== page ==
10 Things You Should Know About Costa Rica

Even after extensive research, there were some things that surprised us in Costa Rica.  Here are some of the most important tidbits we picked up both before and during our trip.

Don’t put toilet paper in the toilet

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Toilet paper is not flushed in Costa Rica.  Instead, used paper is placed in a bin next to the loo.  This is a wickedly difficult habit to break.

The drivers are crazy – especially those scooters

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Double yellow lines?  They’ll pass anyway.  Gridlock?  Watch out for those scooters zipping between cars and down the emergency lane like a fast bicycle.  At least they’ll gently honk at intersections to give pedestrians a heads-up before turning.

Expect any distances to take twice as long to traverse as you’re used to

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Even the best highways are the quality of backroads – half under construction and riddled with massive potholes.  Expect to stop for tolls.  Additionally, they’re almost exclusively a single lane in either direction.  Just one slow truck stops up the road for miles (which is why drivers will recklessly pass despite the curves).

To make matters worse, don’t be surprised to come across buses or trucks that simply stop in the middle of the road for no apparent reason.  We fortunately didn’t see too much of this, but did happen often enough to warrant a mention.

English is pretty widely spoken – but some Spanish will go a long way

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This is a double-edged sword – probably for any language.  Some basic understanding of Spanish will allow you to request a bathroom when needed, but pronounce it too well, and they’ll instantly believe you know more than you actually do.

Don’t flaunt wealth

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Depending on how you define it, Costa Rica is considered a developmentally Second World country.  While they’re a leader in environmental conservation, they are a poorer country.  As a result, most windows are barred, razor-wire fences are frequent, and petty crime is a possibility while visiting.

As someone who frequently wanders with camera gear, this was concerning, but we took precautions.  I favored my smaller camera and brought out the big only for the dedicated wildlife tours.  We also invested in money belts to keep our passports close.

Sunscreen is ridiculously expensive

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The demand is high!  Expect to spend $25 for a small bottle.. or bring your own like we did.  You’ll use a lot while there, though, so stock up!

The bugs are vicious

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Mosquitos love me.  Needless to say, I don’t love them.  I practically bathed in bug spray on a daily basis and it had little impact.  Especially in a region with a higher risk of diseases such as Zika, cover where you can, and spray where you can’t (and where you can).  Also watch out for horseflies (which also bite) and the host of other big bugs you’re likely to find in a tropical country.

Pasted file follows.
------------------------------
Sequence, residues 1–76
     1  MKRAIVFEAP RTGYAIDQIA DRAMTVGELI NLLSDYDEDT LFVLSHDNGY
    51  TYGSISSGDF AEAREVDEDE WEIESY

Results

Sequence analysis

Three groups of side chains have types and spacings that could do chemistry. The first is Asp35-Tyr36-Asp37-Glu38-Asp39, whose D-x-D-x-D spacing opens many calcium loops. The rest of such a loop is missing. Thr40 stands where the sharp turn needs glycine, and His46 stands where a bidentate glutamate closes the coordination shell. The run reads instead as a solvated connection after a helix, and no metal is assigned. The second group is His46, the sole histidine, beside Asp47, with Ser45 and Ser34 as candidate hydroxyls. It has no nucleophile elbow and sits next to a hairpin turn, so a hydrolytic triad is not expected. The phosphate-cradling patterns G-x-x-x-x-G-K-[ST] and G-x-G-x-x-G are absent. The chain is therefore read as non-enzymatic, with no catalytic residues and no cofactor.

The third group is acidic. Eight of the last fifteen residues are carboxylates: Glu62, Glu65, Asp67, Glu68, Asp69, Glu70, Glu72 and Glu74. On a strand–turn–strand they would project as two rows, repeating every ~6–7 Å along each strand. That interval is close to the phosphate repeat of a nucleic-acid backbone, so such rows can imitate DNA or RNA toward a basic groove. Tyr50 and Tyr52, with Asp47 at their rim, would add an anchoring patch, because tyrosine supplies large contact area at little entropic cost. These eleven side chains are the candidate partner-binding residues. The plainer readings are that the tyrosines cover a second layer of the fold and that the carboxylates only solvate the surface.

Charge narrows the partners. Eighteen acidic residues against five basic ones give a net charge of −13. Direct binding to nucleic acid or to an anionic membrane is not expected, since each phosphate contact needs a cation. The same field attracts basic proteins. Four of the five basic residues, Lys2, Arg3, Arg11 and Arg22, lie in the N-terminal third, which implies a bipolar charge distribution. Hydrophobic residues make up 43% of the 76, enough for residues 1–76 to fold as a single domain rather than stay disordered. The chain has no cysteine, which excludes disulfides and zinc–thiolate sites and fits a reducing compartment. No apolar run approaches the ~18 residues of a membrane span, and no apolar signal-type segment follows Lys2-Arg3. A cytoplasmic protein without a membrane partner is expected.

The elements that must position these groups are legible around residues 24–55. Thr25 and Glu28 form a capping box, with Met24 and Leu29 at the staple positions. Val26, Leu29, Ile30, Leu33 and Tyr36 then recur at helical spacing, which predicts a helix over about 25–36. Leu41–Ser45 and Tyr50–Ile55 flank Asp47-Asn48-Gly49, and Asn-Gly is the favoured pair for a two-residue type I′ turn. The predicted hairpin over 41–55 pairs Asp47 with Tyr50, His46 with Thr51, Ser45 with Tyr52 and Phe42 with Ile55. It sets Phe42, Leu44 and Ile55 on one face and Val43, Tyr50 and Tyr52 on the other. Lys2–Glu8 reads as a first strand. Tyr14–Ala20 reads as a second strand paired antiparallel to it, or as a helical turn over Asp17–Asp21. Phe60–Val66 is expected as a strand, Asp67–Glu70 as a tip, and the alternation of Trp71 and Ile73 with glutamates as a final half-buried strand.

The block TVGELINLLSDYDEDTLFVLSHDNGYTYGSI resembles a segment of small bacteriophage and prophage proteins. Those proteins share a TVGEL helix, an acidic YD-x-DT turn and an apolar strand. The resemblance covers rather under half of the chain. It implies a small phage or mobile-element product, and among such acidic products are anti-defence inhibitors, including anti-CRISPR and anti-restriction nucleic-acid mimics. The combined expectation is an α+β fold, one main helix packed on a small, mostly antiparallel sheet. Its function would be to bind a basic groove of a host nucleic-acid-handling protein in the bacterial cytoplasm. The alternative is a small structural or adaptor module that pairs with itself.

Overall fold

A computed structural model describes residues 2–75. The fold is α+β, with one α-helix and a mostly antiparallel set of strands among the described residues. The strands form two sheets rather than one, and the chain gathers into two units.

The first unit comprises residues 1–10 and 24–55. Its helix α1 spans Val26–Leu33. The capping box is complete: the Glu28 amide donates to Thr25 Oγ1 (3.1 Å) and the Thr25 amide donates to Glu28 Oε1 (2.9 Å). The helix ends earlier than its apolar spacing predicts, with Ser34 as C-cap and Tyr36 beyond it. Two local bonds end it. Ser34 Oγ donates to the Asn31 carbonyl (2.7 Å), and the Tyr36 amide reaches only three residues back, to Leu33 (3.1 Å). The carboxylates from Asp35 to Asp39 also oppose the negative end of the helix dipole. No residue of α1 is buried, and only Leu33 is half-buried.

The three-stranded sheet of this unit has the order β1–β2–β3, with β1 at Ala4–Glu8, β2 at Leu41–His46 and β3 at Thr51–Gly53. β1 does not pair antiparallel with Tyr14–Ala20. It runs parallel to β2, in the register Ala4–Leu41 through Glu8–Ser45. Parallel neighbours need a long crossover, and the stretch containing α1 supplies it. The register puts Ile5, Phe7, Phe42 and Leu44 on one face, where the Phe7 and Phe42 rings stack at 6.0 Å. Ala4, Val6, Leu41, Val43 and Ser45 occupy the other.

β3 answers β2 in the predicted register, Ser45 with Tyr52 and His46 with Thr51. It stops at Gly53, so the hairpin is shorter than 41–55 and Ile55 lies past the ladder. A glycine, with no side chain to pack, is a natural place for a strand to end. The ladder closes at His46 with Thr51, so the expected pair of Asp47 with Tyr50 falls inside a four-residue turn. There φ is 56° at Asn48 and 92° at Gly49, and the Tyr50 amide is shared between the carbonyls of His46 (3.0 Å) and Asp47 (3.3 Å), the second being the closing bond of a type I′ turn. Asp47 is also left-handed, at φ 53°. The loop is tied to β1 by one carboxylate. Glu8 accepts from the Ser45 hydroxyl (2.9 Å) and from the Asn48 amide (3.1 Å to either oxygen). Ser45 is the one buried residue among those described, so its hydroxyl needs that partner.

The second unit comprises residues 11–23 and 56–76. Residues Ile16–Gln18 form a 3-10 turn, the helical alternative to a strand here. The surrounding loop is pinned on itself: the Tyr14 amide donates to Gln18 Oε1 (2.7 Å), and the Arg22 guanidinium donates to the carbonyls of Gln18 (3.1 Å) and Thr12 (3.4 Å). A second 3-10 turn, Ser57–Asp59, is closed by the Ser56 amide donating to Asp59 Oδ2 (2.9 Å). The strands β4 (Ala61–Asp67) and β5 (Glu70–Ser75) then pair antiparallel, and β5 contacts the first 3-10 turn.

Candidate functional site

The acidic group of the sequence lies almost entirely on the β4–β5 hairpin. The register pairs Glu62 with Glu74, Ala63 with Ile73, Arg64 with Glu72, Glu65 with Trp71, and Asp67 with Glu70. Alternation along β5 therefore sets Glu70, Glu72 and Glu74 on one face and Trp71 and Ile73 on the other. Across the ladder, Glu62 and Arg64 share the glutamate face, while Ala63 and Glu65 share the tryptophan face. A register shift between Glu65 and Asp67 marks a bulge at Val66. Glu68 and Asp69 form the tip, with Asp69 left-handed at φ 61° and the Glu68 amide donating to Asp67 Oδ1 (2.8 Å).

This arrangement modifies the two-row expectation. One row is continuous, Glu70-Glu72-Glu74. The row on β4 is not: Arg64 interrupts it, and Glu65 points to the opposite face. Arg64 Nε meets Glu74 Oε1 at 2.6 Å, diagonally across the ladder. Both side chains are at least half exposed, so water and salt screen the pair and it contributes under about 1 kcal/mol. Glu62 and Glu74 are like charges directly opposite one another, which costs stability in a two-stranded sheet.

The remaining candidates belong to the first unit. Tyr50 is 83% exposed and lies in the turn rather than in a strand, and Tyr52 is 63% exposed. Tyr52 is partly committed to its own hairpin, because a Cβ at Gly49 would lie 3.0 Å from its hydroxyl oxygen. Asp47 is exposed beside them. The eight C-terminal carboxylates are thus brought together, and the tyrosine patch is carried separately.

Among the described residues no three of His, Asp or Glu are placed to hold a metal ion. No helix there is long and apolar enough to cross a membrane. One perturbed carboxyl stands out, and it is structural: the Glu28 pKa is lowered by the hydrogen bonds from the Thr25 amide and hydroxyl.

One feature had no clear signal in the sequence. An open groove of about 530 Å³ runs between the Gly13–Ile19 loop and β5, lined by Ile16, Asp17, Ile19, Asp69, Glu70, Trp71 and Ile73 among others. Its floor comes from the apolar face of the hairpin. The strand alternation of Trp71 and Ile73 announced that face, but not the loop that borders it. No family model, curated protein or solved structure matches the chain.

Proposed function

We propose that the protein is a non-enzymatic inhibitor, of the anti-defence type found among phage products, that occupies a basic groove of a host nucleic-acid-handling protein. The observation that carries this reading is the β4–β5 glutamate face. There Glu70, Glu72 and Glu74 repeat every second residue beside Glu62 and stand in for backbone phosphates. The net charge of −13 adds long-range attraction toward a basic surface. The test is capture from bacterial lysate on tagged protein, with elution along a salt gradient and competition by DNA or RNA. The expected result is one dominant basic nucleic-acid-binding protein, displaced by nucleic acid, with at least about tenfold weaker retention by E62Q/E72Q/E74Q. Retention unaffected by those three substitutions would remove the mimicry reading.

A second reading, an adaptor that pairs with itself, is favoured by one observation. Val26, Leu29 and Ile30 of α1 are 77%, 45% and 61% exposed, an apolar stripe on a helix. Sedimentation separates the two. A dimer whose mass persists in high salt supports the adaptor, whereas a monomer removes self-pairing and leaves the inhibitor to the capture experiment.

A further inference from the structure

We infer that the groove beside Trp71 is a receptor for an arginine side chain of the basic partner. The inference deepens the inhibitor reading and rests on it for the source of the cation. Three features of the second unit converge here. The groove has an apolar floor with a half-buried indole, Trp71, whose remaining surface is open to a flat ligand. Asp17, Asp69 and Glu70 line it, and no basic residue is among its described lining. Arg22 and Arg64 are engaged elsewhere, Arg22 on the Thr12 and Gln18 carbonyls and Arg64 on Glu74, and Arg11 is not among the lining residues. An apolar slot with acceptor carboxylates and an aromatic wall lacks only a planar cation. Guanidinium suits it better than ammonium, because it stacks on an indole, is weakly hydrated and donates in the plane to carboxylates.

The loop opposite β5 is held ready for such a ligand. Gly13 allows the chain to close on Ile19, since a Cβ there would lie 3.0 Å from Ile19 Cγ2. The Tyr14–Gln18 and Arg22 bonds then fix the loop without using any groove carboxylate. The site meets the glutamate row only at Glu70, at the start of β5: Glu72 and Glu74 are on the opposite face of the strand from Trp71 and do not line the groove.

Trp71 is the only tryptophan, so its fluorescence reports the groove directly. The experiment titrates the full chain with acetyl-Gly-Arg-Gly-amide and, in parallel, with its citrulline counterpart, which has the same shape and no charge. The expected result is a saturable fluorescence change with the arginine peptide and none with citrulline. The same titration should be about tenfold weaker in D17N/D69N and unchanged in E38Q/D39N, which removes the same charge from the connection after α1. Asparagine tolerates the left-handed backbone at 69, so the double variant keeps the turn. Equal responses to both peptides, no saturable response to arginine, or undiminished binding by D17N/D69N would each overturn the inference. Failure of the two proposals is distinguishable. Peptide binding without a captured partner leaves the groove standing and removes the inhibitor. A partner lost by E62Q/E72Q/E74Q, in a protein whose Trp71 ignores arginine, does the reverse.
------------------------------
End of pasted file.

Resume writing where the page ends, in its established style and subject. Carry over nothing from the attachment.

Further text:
Expect everything to be perpetually wet

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The humidity is real.  You will sweat.  If you’re caught out in an afternoon storm, you’ll quickly get drenched.  Your clothes won’t air-dry.  Your swimsuit will still be wet the next day.  Your hair will be difficult to manage.  Your camera lenses and glasses will instantly fog up outside.

Collect those little silica packs that come in pill bottles and new shoes, and tuck them everywhere; they’ll help (if only marginally) keep the moisture at bay.

On the plus side, you won’t need to drink much, as you’ll be breathing your fluids (though expect to drink buckets when you get back to your arid 73% humidity at home).

Time is slower

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Everything there is timed in Costa Rica minutes, which are approximately 94% longer than American minutes… which are approximately 21% longer than Japanese minutes.

Pura Vida

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Enjoy a full day without shoes.  Grab a fruity drink at 10am.  Stop and pet the beach cats.  Walk the pier.  Chill with a fresh batido.

Take in all the beautiful scenery around you, and let all your stresses wash away in the rain.  Don’t worry about a thing, and embrace the “pure life.”

This is Costa Rica.

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Now, these are items that stood out to a couple of Americans.  It’s entirely possible many of these points apply to other locations or would come as no surprise to folks hailing from other countries.  Do any of these ring true with your own hometown?  If you’ve been to Costa Rica, what surprised you there?

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